To open the pour opening in the end wall, the lift tab is fully raised by the fingers from a horizontal position (or a position whereby the tab lies flat against the end wall) to the vertical position (or a position whereby the tab is perpendicular to the pour opening). The pour opening is produced by lifting the tab which causes the tear panel to be substantially completely severed from the top end wall and to be forced, or depressed, down into the can. After the pour opening is produced, the tab remains attached to the end wall and may be pushed back to its original horizontal, or flat, position out of the way of the pour opening.

Prior to the early 1960's, beverages were marketed in cans that required the use of a separate can-opening device to cut pour openings. Beginning in the early 1960's, Ermal C. Fraze and his company, Dayton Reliable Tool and Manufacturing Co., developed the rivet system used to secure the detachable pull tab to the tear panel.6

This Fraze-Dayton device included a scored (or cut) line in the beverage can end wall to form the tear panel. An integral rivet was secured within the tear panel near the center of the can end, and the pull tab was secured to this rivet. To produce the pour opening, the tab was lifted, which caused the score line to rupture and which released the pressure within the can. The tab was then pulled entirely off the can end. The current commercial production in this country of beverage cans using the Fraze-Dayton patent is estimated to be approximately 54 billion per year.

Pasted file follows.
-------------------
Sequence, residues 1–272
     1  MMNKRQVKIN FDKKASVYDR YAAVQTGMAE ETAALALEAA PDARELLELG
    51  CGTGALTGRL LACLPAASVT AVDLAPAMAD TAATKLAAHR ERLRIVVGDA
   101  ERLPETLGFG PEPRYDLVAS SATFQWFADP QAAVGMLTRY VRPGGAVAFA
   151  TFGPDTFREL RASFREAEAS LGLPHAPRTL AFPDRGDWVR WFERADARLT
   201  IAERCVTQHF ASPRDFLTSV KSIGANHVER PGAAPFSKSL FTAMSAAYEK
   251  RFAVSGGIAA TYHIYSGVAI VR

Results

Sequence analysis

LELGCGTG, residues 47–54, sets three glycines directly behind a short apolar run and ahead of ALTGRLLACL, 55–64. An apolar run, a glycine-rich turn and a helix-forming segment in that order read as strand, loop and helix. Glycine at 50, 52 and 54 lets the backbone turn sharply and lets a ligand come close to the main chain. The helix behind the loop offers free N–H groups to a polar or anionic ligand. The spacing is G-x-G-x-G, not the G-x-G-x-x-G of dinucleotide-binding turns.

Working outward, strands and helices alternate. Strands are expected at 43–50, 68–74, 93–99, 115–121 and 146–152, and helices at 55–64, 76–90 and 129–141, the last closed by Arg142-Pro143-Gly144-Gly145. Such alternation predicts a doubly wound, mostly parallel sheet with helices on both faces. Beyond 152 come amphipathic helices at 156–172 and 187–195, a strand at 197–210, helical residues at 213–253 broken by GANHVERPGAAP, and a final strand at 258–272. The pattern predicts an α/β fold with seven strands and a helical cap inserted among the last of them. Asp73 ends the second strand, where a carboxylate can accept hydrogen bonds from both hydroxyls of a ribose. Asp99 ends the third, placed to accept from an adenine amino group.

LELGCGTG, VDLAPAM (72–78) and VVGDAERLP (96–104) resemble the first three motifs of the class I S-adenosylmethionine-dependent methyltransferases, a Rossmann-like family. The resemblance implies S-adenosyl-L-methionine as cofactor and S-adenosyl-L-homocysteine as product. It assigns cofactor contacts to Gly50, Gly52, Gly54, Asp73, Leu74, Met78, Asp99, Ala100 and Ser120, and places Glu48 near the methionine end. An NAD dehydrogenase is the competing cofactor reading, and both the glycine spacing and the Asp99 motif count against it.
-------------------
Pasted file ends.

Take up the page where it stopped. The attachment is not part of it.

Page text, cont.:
Because of the safety and environmental problems that resulted from the throwing away of this detachable pull tab, a need emerged to develop a non-detachable opening device for beverage cans. The need became particularly important in the face of local and state legislation banning cans with detachable opening devices.

For the next ten years or so, various companies and individuals sought to develop a solution to the problem. Several solutions were contemplated, including the development of an opening device which required a finger push-in action upon the area forming the pour opening. Although this concept was advocated and marketed, this solution ultimately failed to have any real impact.

THE DEVELOPMENT OF REYNOLDS' CUDZIK PATENTS '752 AND '753

In August, 1971, Reynolds assigned the responsibility of inventing a non-detachable opening device for beverage cans to its employee, Daniel F. Cudzik.

By September 28, 1972, Cudzik filed a patent application for a beverage can non-detachable tab which would be disposed of at right angles to the greatest length of the tear panel. This device became known as the "Montana end" and was eventually incorporated into Cudzik's '753 patent in suit. An exemplary form of that structure is shown below.